Only a pahnd, guv!
Bargain purchase of HEA lifts LSL to second in agency rankings
THE £1 deal agreed for Halifax Estate Agents by LSL Property Services brings back fond memories.
The announcement came almost 15 years to the day since the then Hambro Countrywide hit the business headlines with a similar deal for Nationwide Estate Agents.
That £1 deal added 300 offices to the Hambro Countrywide network making it the then-biggest chain with over 750 offices.
Need we add the 300 had been big loss makers under Nationwide and Harry Hill, the then managing director of Hambro Countrywide, said it was either the deal of a lifetime or the biggest Horlicks in the business, or words to that effect.
It was not quite a £1 deal as Hambro Countrywide also paid £12 million for the Nationwide surveying business.
Nationwide was paid in Hambro Countrywide shares, a wise move in retrospect, and a couple of years later Nationwide sold its stake at a handsome profit.
The rest is of course history. Hambro Countrywide flourished as the housing market staged its post-1997 recovery.
Anyone who held Hambro Countrywide shares in 1994 and held on would have realised 10 times their original investment when Countrywide finally sold out to Apollo LLP in 2007.
Actually, they made even more as Countrywide previously spun off its life assurance company as Chesnara plc.
I wonder if history will repeat itself? The LSL deal is perhaps even better, as it comes with £22 million cash to pay for restructuring and integration of the HEA business into LSL. It’s a sort of ‘dowry’.
The other plus is that HEA claims £38 million net assets while its 218 branches added to the existing LSL network brings the tally to 584.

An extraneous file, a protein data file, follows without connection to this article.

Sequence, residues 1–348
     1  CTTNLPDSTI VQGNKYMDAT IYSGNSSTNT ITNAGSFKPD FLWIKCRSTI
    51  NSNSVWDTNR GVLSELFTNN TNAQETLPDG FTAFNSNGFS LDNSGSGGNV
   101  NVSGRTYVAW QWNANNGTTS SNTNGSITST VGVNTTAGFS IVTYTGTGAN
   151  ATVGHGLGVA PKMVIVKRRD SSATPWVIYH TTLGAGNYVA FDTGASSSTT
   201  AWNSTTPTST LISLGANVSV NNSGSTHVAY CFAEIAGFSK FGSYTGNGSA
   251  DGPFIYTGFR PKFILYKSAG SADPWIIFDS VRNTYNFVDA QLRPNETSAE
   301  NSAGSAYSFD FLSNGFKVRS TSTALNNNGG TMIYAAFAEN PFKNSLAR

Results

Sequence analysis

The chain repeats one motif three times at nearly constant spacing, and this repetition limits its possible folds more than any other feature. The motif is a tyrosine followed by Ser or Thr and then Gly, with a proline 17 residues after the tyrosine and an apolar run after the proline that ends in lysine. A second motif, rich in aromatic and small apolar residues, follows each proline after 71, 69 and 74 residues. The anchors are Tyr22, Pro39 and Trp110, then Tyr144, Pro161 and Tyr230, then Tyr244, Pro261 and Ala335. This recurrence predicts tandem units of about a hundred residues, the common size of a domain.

That will mean LSL overtaking Connells to become the second largest estate agency network to Countrywide.
The HEA offices, of which 93 are franchised,will be integrated with LSL’s network once the deal is completed in January 2010 and will be rebranded as Your Move, Reeds Rains and InterCounty, depending on where they are located.
There is some branch overlap but the acquisition will take LSL into some new territory, such as Wales, Northern Ireland and the South Coast.
LSL will also benefit from the HEA asset management, lettings and conveyancing businesses. The asset management business has a three-year contract with Bank of Scotland to manage repossessed properties.
Now for the possible downside. During 2008, HEA reported a £58 million trading loss, on £34 million revenue.
In 2007, there was also a trading loss, of £25 million on £96 million revenue. From late 2007 to 2008 it cut its network by a third, hence the fall in revenue. In 2006 it also reported a trading loss, of £23 million, on £108 million revenue.
However, “asset sales” meant the pre-tax loss in 2008 was only £2 million, while HEA actually made a pre-tax profit of £33 million in 2007, but reported a pre-tax loss of £7.2 million in 2006.
This suggests a business that has been shrinking and did not share in the bumper profits earned by most of its competitors in the boom years.
Simon Embley, LSL’s chief executive, says head office and other central costs weighed heavily on HEA.